# Vector

In physics and mathematics, a vector is a mathematical entity that has both magnitude and direction. It is used to represent quantities that have both a size or magnitude and a specific direction in space.

- See Article - Scalar

A vector can be described using coordinates or components in a coordinate system, such as Cartesian coordinates (x, y, z) in three-dimensional space. Each component of a vector represents the magnitude of the vector along a specific axis. Vectors can undergo various operations, including addition, subtraction, and scalar multiplication. When two vectors are added or subtracted, their magnitudes and directions are combined accordingly. Scalar multiplication involves multiplying a vector by a scalar, which results in scaling the magnitude of the vector without changing its direction.

Here is a list of common vector quantities: acceleration, alternating current, angular acceleration, angular momentum, angular velocity, bouyancy force, centrifugal force, current density, displacement, distance, drag, electric field, force, friction, gravity, gravitational field, gravitational force, impulse, lift, magnetic field, magnetic flux, momentum, polarization, shear stress, temperature gradient, tension, thrust, torque, velocity, and weight.

Vectors are concepts in physics and mathematics. Understanding vector quantities is essential for various fields of science, engineering, and mathematics, as they provide a concise and powerful way to describe physical phenomena and mathematical relationships involving direction and magnitude.

**Definition** - A vector quantity is a physical quantity that has both magnitude and direction. Unlike scalar quantities, vectors are characterized by not only their size but also the specific direction in which they act.**Representation** - Vectors are typically represented by arrows, where the length of the arrow corresponds to the magnitude of the vector, and the direction of the arrow represents the direction of the vector. Alternatively, vectors can be represented algebraically using ordered lists of components or in terms of unit vectors along coordinate axes.**Components** - Vectors can be broken down into components along different axes in a coordinate system.**Mathematical Operations** - Vectors can undergo various mathematical operations, including addition, subtraction, scalar multiplication, dot product, cross product, and vector projection. These operations are performed taking into account both the magnitudes and directions of the vectors involved.**Units** - Vectors are associated with units of measurement that match the properties being measured.**Addition and Subtraction** - When adding or subtracting vectors, both their magnitudes and directions must be considered. Vectors are added or subtracted by combining or separating their components along each axis.**Scalar Multiplication** - Vectors can be multiplied by scalar quantities, resulting in a vector with a magnitude that is scaled by the scalar and a direction that remains unchanged.**Physical Laws** - Many fundamental physical laws involve vector quantities.**Geometric Interpretation** - Vectors can be interpreted geometrically as directed line segments connecting two points in space. This interpretation is particularly useful in visualizing vector addition, subtraction, and geometric transformations.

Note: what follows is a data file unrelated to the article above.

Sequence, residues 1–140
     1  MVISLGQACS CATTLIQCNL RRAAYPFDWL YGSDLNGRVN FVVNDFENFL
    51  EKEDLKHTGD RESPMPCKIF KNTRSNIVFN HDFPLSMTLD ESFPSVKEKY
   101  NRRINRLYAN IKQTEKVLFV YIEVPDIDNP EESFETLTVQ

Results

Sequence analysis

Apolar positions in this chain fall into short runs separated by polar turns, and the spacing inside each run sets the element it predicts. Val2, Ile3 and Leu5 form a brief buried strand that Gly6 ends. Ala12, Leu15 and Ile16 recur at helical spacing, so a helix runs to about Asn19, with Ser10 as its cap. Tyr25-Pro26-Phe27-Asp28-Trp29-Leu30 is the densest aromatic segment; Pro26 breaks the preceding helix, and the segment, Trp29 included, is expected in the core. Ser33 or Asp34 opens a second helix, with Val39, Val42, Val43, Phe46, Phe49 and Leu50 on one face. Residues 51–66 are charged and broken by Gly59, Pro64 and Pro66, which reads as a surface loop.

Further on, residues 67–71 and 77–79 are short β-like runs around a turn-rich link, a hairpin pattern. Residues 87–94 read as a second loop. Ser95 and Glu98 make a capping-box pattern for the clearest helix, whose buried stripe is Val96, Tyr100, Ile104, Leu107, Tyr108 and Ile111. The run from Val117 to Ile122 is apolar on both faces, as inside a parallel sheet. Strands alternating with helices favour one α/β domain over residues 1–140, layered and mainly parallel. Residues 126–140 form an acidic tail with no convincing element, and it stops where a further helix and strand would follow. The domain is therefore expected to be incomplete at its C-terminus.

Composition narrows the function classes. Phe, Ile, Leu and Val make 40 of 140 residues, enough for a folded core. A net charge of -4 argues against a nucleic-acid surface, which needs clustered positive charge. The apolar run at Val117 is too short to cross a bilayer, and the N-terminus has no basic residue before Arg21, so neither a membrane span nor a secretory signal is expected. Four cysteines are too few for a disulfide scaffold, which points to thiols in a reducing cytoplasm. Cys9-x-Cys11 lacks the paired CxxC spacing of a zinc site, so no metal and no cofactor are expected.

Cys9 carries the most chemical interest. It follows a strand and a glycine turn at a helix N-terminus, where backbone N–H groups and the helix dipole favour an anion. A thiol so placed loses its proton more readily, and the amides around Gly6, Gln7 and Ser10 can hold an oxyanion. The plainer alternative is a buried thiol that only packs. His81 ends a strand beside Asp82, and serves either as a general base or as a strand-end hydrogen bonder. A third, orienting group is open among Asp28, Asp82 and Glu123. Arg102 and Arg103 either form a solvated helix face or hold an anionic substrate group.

**Similarities Between Scalar and Vector Quantities**

Scalar and vector quantities both represent physical properties or measurements, but they differ in how they are described and what information they convey. While scalar and vector quantities share these similarities, their differences are also significant, particularly in terms of the information they convey (direction for vectors) and how they are manipulated in mathematical and physical contexts.

**Magnitude** - Both scalar and vector quantities have a magnitude associated with them. The magnitude represents the size or quantity of the property being measured.**Mathematical Operations** - Both scalar and vector quantities can undergo mathematical operations such as addition, subtraction, multiplication, and division. Scalars are added or subtracted directly, while vectors are added or subtracted based on both their magnitudes and directions.**Representation** - Both scalar and vector quantities can be represented graphically. Scalars are represented by a single number or point on a scale, while vectors are represented by arrows indicating both magnitude and direction.**Units** - Both scalar and vector quantities are associated with units of measurement. Scalars have units that match the property being measured, while vectors have units that match the combination of properties being measured.**Physical Meaning** - Both scalar and vector quantities describe physical properties or measurements of objects or phenomena in the physical world. Scalars describe quantities like distance, speed, temperature, energy, etc., while vectors describe quantities like displacement, velocity, force, acceleration, etc.**Mathematical Framework** - Both scalar and vector quantities are integral parts of mathematical frameworks used to describe physical phenomena. Scalars are represented as single values, while vectors are represented as arrays of values or as mathematical objects with magnitude and direction.

Tags: Nomenclature and Symbols